Remember remember the fifth of November… gunpowder treason and plot. I see no reason why gunpowder treason should ever be forgot!

Hearing this little rhyme being thrown around the playground when you were young never failed to conjure up all the excitement and wonderment that bonfire night brings with it. The entrancing hiss of a sparkler, the sweet crunch of a toffee apple, and the oohs and ahhs all around as the rockets fizz and explode in the sky.

Even now as an adult, there’s still something special about huddling up outdoors with the kids and watching their awe at the display, or roasting a few marshmallows on the fire.

bonfire night party

Whether you’re throwing a huge bonfire night party this year, or just getting a few sparklers in with the family, here are my top tips to make sure your firework night goes off with a bang:

A Warm Welcome

Early November is not often commended for its clement weather; it’s likely to be a chilly evening, and numb fingers and toes can be a real dampener on the firework fun.

Whilst many gardens are too small for a proper bonfire to keep warm by, you can always bring out your garden chimnea for a little beacon of warmth on the patio – or consider purchasing a patio heater.


If you don’t want to shell out for some outdoor heating, a quick fix is to provide blankets.

Put a basket full of all your blankets, by the back door with a little “take one” sign, and your guests can grab one to snuggle up in as soon as they start to feel the chill. You can even throw in any spare gloves, scarves and hats you have.

If you have a trampoline with netting, you can drape blankets and sheets over it and cushions inside to make a cosy den for the kids. String fairy lights up inside to make it really inviting.

Don’t forget that kids get really excited about bonfire night, and will be eager to help you prepare for a party. Keep them busy by getting them to help build a den, make toffee apples, or even collecting wood for the fire.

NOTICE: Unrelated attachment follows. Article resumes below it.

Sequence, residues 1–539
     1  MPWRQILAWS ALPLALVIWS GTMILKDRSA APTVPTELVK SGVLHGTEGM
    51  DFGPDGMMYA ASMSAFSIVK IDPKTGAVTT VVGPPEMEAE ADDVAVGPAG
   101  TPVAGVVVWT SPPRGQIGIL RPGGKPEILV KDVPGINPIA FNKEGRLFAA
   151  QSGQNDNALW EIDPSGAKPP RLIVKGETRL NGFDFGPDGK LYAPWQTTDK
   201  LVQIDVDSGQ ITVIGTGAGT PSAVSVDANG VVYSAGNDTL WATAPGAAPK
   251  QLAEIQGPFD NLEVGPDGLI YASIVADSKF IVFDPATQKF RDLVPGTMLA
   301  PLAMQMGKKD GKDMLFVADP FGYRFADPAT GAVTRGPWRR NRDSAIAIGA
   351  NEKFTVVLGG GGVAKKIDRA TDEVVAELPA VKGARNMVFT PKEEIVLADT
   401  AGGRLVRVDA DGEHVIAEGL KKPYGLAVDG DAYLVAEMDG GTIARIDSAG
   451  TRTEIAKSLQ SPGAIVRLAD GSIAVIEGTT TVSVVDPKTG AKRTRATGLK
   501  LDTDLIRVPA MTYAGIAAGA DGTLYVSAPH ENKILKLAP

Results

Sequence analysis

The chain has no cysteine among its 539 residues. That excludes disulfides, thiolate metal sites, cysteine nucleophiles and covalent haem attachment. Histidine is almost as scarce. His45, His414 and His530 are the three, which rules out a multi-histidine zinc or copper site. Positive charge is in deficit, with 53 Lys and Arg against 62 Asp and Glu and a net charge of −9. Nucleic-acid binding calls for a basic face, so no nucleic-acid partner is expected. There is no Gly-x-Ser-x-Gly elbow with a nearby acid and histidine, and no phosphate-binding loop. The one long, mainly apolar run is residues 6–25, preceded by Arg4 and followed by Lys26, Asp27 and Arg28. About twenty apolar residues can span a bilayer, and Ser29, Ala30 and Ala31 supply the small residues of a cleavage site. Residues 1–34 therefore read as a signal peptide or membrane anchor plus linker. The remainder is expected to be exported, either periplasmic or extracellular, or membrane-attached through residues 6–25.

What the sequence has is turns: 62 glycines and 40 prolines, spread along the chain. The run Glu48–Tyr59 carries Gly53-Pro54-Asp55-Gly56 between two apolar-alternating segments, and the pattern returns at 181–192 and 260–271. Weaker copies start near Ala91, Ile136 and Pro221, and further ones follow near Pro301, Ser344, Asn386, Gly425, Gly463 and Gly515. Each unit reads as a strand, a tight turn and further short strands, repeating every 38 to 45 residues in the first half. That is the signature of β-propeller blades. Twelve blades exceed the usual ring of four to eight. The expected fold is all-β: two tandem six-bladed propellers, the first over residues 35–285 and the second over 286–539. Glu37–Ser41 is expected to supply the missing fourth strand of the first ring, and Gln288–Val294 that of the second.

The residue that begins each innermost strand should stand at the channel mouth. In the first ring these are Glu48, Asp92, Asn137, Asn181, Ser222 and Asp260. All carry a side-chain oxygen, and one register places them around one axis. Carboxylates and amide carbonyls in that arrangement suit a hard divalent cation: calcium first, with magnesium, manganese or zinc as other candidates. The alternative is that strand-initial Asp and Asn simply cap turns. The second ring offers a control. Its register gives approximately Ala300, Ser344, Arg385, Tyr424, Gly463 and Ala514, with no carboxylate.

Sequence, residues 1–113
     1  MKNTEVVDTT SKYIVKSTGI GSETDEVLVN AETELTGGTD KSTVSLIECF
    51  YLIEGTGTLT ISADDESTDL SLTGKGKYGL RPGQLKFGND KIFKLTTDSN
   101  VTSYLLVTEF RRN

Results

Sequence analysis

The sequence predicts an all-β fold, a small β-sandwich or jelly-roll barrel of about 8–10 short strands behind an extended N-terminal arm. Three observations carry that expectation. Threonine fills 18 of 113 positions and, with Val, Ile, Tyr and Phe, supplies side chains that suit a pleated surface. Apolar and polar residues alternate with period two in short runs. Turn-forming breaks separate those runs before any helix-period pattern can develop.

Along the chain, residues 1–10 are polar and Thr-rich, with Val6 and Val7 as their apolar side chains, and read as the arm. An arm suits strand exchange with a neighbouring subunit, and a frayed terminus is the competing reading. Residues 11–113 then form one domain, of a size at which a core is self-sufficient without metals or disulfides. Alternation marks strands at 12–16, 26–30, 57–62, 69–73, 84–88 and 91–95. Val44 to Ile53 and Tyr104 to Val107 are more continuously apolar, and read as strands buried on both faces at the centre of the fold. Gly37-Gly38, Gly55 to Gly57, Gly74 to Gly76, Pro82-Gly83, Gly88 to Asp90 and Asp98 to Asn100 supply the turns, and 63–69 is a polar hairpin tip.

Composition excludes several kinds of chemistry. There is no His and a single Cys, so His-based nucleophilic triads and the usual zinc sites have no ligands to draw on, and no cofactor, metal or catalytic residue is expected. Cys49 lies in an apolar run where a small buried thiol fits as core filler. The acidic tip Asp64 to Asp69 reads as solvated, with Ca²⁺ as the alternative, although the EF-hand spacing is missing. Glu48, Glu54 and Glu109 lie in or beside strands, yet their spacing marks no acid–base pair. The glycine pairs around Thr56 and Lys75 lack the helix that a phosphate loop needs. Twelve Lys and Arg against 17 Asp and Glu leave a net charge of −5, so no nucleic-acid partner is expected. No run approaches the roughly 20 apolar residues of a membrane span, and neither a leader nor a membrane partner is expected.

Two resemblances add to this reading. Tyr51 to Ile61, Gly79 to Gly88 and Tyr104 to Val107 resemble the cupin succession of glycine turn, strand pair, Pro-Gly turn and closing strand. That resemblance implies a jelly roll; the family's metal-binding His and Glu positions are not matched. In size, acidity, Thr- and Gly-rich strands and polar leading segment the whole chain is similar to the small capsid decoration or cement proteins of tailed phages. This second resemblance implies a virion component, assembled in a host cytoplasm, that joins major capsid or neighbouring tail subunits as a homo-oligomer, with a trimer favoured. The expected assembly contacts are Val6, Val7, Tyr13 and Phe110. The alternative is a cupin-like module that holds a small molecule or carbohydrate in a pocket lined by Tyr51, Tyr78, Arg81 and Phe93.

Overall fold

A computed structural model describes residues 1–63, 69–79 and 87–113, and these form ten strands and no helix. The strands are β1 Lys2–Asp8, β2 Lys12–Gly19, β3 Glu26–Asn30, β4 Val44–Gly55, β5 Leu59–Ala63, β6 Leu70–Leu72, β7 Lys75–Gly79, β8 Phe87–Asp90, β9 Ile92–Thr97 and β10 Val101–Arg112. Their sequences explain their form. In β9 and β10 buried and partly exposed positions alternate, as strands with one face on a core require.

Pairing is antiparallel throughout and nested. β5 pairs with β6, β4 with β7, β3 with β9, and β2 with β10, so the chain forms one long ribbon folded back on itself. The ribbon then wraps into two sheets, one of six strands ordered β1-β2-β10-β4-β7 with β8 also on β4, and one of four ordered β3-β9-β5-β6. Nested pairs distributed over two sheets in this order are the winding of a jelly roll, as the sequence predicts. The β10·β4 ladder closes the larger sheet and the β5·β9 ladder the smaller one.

Warm drinks such as hot chocolate and mulled cider can also keep people from feeling the cold too much, make up big batches in advance and then keep warm on the hob.


If you do have enough space for a bonfire, make sure it is a safe distance from the house and any trees or hedges.

Read my full blog on bonfire night safety before you start lighting.

Out of the Frying Pan, Into the Fire

You might feel stressed about the catering if you’re organising a large bonfire night feast, but most people won’t be expecting much.

In my experience bonfire night fare is often a casual affair, with a few hot dogs and sweet treats for the kids hitting the spot perfectly.

If you are building a fire, why not create a marshmallow toasting station. Provide long sticks, a big bowl of fluffy marshmallows, some biscuits and chocolate and people can help themselves.


Dust off the BBQ one last
time and use briquettes
rather than coal for a
longer, slower burn to
last all night.

bonfire night marshmallow station

You probably won’t be sitting down to eat, so making nibbles that can be eaten standing up (with gloves on) is your best bet.

Firework Kebabs are a fun and easy snack that always goes down well with kids and adults alike.

Firework Kebabs


  • 5 tbsp Honey
  • 4 tbsp Mustard
  • 48 Cocktail Sausages